“The man who draws our picture thinks he’s funny/ He originated us with pen and ink/ For his living he can thank us, when he makes the Captain spank us/ Oh how we love the Captain, we don’t think.”

    Eric Partridge put together a wonderful “Dictionary of Catch Phrases,” that’s filled with stories of similar fads.

  • 3 Sam Henderson // Aug 24, 2009 at 1:12 am

  • 4 Angela Alverson // Aug 26, 2009 at 8:05 am

    I tend to opt for woot or egads when replying to happy or shocking emails. My favorite fuck alternative is pound sand, which only draws looks of confusion outside of southern california…quoz!

  • 5 Doug // Aug 28, 2009 at 1:07 pm

    Thanks, Sam! I unearthed my cherished 1852 copy in the hope of finding a tasty engraving to post, but that chapter has no pictures. Onward…

  • 6 angela // Sep 15, 2009 at 2:54 pm

    If you’re wondering what the kids are saying these days, check out the urban dictionary site:

    What a shocking bad hat needs a revival.

  • 7 angela // Sep 18, 2009 at 11:13 am

    Also resource is a new book entitled, ” Pimp Your Vocab.”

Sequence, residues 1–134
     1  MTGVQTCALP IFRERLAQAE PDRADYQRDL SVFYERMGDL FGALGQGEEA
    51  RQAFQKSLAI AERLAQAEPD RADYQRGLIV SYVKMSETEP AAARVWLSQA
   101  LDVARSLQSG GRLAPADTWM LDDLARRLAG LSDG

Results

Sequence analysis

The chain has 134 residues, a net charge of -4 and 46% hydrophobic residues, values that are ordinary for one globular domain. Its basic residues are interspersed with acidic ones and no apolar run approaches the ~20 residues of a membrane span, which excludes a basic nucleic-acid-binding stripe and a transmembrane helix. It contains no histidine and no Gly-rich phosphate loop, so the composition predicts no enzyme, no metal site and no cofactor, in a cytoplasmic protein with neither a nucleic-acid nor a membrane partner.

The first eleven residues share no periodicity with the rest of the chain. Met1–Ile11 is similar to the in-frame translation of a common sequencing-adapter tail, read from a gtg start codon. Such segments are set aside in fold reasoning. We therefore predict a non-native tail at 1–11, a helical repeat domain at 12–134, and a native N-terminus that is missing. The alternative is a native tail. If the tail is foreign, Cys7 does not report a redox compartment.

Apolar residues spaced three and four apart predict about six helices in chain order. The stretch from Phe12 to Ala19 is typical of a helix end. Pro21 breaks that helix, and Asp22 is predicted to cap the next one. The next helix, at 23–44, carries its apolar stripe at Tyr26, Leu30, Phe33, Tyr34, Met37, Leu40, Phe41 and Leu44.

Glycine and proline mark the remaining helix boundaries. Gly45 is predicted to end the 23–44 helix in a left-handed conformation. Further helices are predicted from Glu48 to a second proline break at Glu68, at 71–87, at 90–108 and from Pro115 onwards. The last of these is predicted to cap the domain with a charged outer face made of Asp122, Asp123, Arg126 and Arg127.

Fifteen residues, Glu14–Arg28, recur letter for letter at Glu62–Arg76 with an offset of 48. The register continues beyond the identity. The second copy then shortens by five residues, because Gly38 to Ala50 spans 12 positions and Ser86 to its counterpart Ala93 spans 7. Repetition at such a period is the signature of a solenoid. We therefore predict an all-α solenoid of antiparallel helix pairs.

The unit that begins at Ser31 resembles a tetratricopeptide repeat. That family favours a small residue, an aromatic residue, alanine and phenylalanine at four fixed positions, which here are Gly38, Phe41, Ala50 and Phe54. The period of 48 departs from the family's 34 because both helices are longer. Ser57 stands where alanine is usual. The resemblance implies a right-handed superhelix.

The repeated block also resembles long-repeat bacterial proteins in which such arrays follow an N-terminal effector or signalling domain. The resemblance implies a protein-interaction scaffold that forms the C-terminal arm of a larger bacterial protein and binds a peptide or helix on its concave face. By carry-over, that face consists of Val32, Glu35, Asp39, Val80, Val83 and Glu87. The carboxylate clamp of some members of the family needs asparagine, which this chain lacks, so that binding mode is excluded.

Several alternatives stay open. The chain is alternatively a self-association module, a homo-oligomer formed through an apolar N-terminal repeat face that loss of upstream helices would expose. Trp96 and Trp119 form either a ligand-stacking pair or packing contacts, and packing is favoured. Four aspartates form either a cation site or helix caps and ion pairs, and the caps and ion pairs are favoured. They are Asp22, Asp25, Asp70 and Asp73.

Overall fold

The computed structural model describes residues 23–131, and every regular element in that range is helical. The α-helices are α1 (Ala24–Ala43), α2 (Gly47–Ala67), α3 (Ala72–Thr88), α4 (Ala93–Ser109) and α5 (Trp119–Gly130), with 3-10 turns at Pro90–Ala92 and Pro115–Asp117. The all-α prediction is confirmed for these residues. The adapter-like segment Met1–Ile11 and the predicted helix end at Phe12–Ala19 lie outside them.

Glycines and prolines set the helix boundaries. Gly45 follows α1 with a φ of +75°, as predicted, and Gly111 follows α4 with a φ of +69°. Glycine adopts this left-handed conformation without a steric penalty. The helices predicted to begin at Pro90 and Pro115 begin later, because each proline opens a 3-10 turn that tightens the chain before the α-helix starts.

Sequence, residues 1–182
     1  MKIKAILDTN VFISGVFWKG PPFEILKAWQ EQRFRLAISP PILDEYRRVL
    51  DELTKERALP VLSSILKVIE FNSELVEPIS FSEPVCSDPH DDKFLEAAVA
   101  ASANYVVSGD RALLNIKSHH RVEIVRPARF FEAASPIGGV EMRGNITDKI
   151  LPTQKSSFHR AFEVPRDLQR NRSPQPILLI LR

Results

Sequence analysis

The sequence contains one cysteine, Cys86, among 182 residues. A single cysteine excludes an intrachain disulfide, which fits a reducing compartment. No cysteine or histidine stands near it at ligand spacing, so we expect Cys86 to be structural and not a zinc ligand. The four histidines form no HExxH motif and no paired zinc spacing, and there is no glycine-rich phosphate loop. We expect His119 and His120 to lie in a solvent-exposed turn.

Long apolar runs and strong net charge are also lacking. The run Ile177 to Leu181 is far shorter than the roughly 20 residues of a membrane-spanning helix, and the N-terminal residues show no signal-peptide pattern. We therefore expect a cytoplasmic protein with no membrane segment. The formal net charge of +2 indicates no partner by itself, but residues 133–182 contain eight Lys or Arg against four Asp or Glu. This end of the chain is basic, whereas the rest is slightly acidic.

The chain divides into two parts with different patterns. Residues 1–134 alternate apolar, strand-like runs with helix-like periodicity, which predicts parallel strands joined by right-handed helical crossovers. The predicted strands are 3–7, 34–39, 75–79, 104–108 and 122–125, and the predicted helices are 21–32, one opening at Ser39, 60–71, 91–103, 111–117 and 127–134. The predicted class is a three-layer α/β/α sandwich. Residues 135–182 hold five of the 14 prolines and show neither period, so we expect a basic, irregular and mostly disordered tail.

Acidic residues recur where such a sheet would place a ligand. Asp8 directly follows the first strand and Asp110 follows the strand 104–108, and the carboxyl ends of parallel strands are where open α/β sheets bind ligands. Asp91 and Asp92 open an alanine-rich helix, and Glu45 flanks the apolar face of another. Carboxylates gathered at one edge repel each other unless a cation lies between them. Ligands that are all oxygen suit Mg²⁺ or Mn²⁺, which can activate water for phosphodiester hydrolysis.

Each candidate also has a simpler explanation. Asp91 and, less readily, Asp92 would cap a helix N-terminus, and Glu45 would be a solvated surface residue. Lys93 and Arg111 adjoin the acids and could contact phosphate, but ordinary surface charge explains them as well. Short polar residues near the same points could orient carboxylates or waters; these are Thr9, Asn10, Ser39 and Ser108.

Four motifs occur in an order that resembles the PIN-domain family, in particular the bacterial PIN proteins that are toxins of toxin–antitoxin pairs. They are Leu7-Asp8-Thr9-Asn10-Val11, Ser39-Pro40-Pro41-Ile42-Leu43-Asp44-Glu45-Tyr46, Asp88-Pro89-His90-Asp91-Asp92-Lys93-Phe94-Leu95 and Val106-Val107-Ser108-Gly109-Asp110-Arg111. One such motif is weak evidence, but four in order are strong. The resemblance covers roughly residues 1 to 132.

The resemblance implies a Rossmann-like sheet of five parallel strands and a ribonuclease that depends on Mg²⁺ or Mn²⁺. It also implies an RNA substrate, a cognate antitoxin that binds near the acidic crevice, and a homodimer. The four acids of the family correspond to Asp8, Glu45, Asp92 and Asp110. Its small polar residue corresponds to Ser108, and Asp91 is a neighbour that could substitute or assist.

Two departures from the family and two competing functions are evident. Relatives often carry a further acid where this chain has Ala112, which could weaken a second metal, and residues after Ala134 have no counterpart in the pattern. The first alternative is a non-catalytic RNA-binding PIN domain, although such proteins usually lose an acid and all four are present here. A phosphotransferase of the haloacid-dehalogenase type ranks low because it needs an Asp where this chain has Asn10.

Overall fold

An old English proverb says ‘he that converses not, know nothing’ – but you might be forgiven for thinking that young people nowadays speak a completely different language from the English you were taught at school. A vast number of bewildering terms, with no apparent relevance to the rules of grammar or sense, have proliferated among ‘the youth of today’. You might hear this strange new language on the back of the bus, in student bars across the land, and online – indeed, wherever teens chat breeze (make conversation) together. And how to decipher this cryptic talk? Unfortunately, a trawl through Webster’s or the OED won’t enlighten you as to what a milf is, things that are alternately sick and skankaroo, or what it means to get poked on Facebook. As for expletives, well, in the modern age the F-word is the most versatile part of speech around – a handy verb, adjective or noun. “Pimp Your Vocab!” is your insider’s guide to making sense of Teenglish. To bridge the communication gap between teachers and students, parents and kids, here is a dictionary of the words du jour…standard.